Definition of terms
High risk work Any work set out in schedule 3 of the OHS regulations which requires a WorkSafe licence to perform this work.
High risk High risk construction work is types of construction work listed in the construction work construction part of the OHS regulations (part 5.1.3). Before any of this
work commences, a SWMS must be prepared if anyone’s health or safety is at risk because of this work.
HSR Health and safety representative OHS Occupational health and safety
OHS Act Occupational Health and Safety Act 2004
OHS regulations Occupational Health and Safety Regulations 2007
Erection engineer An experienced structural steel engineer who is responsible for the engineering design for the erection of the building. The erection engineer should be a person eligible for membership of the Institution of Engineers Australia, be a registered building practitioner and be competent to practise in the structural engineering field. Where necessary the erection engineer will need to consult with other persons who have specific expertise and experience. The erection engineer will usually be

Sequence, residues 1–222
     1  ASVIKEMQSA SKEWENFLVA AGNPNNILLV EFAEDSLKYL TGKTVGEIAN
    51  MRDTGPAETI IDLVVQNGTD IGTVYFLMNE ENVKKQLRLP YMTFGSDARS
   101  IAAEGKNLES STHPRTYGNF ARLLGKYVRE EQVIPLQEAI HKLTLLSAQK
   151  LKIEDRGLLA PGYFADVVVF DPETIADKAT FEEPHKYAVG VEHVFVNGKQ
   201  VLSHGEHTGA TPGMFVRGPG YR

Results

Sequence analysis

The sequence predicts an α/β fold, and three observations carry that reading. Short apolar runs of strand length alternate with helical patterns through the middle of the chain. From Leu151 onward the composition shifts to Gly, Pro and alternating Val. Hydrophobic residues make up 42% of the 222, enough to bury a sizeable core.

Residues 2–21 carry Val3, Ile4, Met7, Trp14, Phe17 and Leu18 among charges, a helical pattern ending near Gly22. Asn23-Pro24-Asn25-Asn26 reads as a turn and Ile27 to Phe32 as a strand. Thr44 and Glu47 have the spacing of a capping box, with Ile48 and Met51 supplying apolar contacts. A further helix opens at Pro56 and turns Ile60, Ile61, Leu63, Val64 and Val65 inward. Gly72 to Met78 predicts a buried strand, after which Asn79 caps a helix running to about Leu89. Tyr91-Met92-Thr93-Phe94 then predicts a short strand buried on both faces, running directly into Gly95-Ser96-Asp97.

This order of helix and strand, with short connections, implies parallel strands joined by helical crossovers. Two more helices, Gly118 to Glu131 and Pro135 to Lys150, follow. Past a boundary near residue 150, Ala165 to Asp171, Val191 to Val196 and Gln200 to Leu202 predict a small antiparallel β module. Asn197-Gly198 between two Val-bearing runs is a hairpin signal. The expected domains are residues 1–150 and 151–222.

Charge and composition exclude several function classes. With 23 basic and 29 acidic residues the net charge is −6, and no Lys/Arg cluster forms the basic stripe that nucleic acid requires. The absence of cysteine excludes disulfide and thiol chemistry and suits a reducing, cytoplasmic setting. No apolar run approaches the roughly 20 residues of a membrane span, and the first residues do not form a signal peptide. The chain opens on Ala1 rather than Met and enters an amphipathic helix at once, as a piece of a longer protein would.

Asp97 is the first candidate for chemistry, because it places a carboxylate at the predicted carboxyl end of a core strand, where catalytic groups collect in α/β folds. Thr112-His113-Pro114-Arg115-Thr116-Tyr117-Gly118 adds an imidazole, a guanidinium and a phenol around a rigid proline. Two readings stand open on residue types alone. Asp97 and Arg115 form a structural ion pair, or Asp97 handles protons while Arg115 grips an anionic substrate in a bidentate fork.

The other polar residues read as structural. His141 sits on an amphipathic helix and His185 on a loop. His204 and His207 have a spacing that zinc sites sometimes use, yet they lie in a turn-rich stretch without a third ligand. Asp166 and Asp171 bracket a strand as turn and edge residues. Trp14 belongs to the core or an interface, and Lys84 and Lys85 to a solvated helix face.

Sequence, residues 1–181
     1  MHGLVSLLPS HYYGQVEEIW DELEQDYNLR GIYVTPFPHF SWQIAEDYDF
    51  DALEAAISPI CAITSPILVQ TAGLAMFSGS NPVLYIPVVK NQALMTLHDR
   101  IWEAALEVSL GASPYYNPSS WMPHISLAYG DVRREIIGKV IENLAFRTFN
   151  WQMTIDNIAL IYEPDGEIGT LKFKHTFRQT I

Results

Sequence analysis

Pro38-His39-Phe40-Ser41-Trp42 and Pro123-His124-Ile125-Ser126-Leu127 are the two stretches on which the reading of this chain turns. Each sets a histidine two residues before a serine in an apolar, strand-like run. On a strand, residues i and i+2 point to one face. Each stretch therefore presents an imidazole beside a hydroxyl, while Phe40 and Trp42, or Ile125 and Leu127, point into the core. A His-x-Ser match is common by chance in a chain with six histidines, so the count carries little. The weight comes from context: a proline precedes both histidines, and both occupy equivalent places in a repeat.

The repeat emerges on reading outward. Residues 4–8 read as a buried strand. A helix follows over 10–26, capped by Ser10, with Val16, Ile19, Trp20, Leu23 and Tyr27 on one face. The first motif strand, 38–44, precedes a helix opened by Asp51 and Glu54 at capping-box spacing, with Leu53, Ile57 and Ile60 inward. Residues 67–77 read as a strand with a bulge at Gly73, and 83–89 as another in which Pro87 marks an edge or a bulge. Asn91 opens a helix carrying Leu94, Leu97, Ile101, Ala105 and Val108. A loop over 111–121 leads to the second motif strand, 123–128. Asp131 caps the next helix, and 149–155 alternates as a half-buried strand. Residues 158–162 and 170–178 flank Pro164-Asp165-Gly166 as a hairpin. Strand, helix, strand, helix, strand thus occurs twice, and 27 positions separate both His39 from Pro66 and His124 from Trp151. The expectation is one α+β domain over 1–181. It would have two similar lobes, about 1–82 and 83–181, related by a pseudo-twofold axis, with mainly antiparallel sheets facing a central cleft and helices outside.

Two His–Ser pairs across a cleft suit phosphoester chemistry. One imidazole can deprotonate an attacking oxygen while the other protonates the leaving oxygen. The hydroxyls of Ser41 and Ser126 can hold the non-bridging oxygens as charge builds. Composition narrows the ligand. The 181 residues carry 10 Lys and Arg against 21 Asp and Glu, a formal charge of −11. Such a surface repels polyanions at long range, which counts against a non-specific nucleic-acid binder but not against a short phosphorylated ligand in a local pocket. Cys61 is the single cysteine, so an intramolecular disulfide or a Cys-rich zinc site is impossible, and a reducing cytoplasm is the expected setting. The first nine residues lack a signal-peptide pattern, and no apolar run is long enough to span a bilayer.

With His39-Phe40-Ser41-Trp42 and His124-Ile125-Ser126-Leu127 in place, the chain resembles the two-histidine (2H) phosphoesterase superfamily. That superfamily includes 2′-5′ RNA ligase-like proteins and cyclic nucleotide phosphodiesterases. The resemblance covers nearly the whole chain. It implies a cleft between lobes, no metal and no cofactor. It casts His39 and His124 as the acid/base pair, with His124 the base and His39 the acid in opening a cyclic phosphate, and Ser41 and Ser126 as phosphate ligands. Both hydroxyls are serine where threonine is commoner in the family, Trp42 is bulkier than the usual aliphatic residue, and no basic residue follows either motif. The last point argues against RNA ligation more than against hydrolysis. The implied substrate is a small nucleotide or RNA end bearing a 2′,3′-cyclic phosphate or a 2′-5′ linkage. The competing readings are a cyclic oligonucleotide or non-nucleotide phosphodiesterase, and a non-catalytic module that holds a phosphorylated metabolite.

responsible to the builder, the fabricator or the erector, or may also be the structural design engineer.
SWMS Safe work method statement, which:
• lists the type of high risk construction work being done
• states the health and safety hazards and risks arising from that work • describes how the risks will be controlled
• describes how the risk control measures will be put in place. Technical definitions